We live in a world where power is often understood in Darwinian/Nietzschean terms of strength and self-preservation: fighting doggedly to maintain one’s power and doing whatever it takes to survive, even if it comes at the cost of another’s suffering.
We see this everywhere—including in ourselves—but politics is perhaps the most obvious arena for its display. Having achieved the heights of power, many politicians are desperate to keep it, come what may. They respond to scandals with spin. They blameshift on Twitter. They silence or discredit accusers. They avoid admitting fault or acknowledging flaws, lest they appear weak.
Worldly power corrupts, in part, because it demands self-preservation. And self-preservation leads to all sorts of bad things.
The new film Chappaquiddick—about Ted Kennedy’s infamous 1969 scandal involving a car accident on Chappaquiddick Island, Massachusetts—captures this dynamic well. The film offers a chastening, timely picture of the corrosive effects of power and the compromises we make in the name of self-preservation.
Not Just About Ted Kennedy
Chappaquiddick is about one politician’s decision to place power above conviction, protecting himself rather than speaking the truth. But the film is not just about Kennedy. It’s also about us.
The film is not just about Kennedy. It’s also about us.
Directed by John Curran (The Painted Veil), the film narrates the disturbing events of July 18, 1969, in which Kennedy (brilliantly played by Jason Clarke) drove a car off a bridge with a young woman, Mary Jo Kopechne (Kate Mara), in the passenger seat. After somehow escaping the car as it filled with water, Kennedy left the scene without rescuing Kopechne, who drowned in the submerged car. He didn’t report the incident to the police for 10 hours.
What exactly happened that night is something only Kennedy knows, which makes a film like this especially intriguing (and tricky). There were no witnesses. But the looks of it were immediately damning for the rising-star senator with presidential aspirations. Before Kopechne’s body is even removed from the car, headlines are being written and Kennedy handlers are mobilizing at the family compound to formulate a PR response. Kennedy patriarch Joe (Bruce Dern) can hardly speak, but the one word of advice he does give his son is disturbing: “alibi.”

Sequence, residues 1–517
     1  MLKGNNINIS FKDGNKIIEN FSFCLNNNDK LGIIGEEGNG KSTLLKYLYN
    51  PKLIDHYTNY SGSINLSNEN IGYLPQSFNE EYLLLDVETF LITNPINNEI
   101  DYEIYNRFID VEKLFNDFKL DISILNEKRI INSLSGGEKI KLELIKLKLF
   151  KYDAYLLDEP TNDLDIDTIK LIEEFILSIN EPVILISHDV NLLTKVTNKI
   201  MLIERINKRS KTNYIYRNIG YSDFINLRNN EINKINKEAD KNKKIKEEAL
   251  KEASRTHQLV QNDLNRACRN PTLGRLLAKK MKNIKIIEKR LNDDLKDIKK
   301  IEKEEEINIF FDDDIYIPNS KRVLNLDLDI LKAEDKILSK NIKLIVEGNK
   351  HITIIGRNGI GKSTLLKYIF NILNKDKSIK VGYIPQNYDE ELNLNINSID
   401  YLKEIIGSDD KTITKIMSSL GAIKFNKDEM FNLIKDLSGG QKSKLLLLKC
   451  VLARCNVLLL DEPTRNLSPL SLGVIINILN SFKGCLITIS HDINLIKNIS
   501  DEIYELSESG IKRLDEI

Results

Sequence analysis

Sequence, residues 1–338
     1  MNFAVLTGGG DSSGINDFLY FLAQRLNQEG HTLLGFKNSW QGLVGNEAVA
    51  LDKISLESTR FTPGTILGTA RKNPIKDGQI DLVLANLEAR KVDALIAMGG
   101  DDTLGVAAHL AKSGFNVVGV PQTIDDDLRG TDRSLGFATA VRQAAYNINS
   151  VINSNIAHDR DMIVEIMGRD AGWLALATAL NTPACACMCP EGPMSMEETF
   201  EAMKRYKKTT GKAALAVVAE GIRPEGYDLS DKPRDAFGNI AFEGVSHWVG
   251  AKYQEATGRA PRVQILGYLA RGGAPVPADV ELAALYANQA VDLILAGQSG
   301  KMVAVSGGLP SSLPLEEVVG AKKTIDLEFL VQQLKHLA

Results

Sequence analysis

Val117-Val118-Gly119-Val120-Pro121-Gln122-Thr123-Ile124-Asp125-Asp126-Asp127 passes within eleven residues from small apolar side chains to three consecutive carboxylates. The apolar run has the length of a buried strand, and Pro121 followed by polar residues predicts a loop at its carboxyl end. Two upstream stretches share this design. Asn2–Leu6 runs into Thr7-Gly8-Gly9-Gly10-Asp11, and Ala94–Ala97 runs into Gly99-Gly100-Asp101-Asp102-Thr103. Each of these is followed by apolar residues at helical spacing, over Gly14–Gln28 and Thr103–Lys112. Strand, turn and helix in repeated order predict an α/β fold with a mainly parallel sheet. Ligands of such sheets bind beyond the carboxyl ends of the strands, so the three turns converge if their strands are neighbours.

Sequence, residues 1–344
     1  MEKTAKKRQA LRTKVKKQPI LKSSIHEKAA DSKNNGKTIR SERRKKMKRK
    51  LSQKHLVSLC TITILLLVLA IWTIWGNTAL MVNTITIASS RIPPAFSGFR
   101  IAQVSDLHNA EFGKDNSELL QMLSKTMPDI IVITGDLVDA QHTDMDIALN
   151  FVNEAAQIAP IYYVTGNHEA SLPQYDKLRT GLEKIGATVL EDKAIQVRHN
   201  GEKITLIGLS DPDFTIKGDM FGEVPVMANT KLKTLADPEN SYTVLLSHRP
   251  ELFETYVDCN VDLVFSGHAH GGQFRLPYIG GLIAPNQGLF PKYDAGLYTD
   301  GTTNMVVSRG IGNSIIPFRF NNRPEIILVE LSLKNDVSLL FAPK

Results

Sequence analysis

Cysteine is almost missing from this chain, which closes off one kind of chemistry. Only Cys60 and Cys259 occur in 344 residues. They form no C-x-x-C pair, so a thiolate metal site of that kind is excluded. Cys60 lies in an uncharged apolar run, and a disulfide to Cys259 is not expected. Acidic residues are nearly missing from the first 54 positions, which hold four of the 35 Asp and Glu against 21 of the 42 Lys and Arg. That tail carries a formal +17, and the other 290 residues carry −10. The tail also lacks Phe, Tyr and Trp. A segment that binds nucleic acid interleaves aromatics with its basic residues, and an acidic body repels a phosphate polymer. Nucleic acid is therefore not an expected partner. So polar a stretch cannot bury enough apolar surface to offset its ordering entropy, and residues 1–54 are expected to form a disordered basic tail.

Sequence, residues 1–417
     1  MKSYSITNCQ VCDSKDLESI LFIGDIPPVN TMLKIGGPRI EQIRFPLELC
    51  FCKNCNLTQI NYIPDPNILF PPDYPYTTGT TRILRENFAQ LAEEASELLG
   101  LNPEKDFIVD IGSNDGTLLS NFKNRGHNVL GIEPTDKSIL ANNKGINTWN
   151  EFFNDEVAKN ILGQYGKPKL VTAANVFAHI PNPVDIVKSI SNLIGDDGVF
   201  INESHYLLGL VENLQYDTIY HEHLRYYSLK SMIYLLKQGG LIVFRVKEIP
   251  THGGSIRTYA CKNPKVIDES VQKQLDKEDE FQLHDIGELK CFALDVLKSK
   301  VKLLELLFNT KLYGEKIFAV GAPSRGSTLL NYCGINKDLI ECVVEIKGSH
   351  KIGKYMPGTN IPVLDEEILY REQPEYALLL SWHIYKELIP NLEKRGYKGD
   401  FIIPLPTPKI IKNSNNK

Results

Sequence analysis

While a team of Kennedy loyalists rally around him, fighting for his political future in the wake of the “incident,” a remnant in his inner circle advise him that the honorable thing would be to resign from political life. A girl is dead, after all—one who Kennedy drove off a bridge. But Kennedy—like so many powerful figures faced with the choice between truth and self-protection—does not choose the honorable path.
“I’m not going to be the one who is defined by my flaws,” he says in the film, insistent that he has the conviction and political vision America needs.
Feeling the weight and expectations of his family name, Kennedy is determined to not let the incident undo his political ascendance or his family’s legacy. He is morally troubled by what happened, but not so much that he’s willing to give up his ambitions.
The Kennedys are defined by a “moral compass,” he argues, and their “flaws” should not have the last word.
Indeed, the “no one’s perfect!” defense of amoral politicians—one that in 2018 is marshaled most fervently by those who claim the mantle of Christian morality—shows up in one of the more clever lines of the film, fully exposing Kennedy’s hubris:
“Moses had a temper. Peter betrayed Jesus. And I have Chappaquiddick,” Kennedy says.
His cousin Joe Gargan (Ed Helms) responds: “Moses had a temper, but he never left a girl at the bottom of the Red Sea.”
Failure of Integrity